Interactive Art & Physical Computing

Making Interactive Art: Set the Stage, Then Shut Up and Listen

I thought this reading was incredibly central to the endless debate surrounding defining or redefining interactivity, and the art of interaction between human and what is seemingly non-human or digital. I have always been a supporter of the notion of allowing the audience to formulate their own perceptions about a certain artwork, rather than presenting them with a binary view of how a work of art should be interpreted.

In terms of the interactivity, I also believe that the artist or the artwork has an obligation to engage its audience in an intricate conversation. Hence, if the purpose and methods of the object or work of art were to be clearly communicated, that would take away from the authenticity of the audience’s response. Engaging in a conversation just isn’t as effective if one of the parties were to impose or dictate how the other should think or respond. Several contemporary video games, virtual reality experiences, and performances (as well as numerous other artworks), are known to be successful due to their ability to challenge the user/viewer and allude to ways of understanding the overall message or goal of the artwork, rather than readily presenting it.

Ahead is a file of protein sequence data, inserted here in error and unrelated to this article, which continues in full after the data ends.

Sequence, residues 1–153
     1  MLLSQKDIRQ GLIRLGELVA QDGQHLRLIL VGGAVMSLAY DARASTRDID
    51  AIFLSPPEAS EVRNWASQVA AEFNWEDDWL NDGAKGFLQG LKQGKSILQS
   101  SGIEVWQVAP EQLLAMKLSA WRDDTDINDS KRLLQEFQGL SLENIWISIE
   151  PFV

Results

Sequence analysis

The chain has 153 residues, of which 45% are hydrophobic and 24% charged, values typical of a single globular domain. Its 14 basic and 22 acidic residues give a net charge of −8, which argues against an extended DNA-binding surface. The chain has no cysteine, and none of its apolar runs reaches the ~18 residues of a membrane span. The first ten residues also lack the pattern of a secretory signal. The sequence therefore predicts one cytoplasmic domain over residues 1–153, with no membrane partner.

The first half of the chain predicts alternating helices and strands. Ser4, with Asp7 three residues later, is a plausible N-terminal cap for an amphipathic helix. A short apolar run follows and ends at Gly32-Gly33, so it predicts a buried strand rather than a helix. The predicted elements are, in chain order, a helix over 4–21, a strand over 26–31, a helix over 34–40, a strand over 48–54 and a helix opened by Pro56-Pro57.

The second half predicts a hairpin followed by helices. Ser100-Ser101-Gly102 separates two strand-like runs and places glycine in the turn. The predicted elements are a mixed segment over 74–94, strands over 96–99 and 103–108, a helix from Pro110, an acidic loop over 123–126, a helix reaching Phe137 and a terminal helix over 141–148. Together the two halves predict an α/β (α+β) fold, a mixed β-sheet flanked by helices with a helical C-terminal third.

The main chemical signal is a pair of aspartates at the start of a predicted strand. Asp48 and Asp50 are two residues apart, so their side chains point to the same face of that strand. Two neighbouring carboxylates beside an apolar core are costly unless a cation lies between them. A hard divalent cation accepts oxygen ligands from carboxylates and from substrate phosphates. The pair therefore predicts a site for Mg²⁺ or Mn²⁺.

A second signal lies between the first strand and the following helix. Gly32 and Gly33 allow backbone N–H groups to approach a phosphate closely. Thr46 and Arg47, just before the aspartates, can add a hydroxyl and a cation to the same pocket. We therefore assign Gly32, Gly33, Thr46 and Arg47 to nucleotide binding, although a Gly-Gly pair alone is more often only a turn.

Physical Computing’s Greatest Hits (and misses)

The article really struck a chord with me when the author brought up the notion or ‘originality’, and the ability to produce something truly unique amidst rapid technological advancement definitely came into question. More often than not, the ideation stage is the most challenging part of any project for me. I often struggle with coming up with a concept that is not only classifiable as different and original, but also executed in the best way possible.

This reading helped me realize that the world of physical computing is truly vast, and to see that we have already engaged with and used some of the technology employed in the variety of instruments, eased the pressure a little bit. It was also really interesting to see how most of the instruments depicted by the author focused on engaging with or heightening the senses of the user – not manifest something out of this world, and some of them were just created for the purpose of entertainment. One that really stood out to me, was the body-as-cursor project, mostly because I am invested in the idea of visual and audio extensions of the human body, but also because it provides a variety of experiences (art, interaction, performance, etc.).

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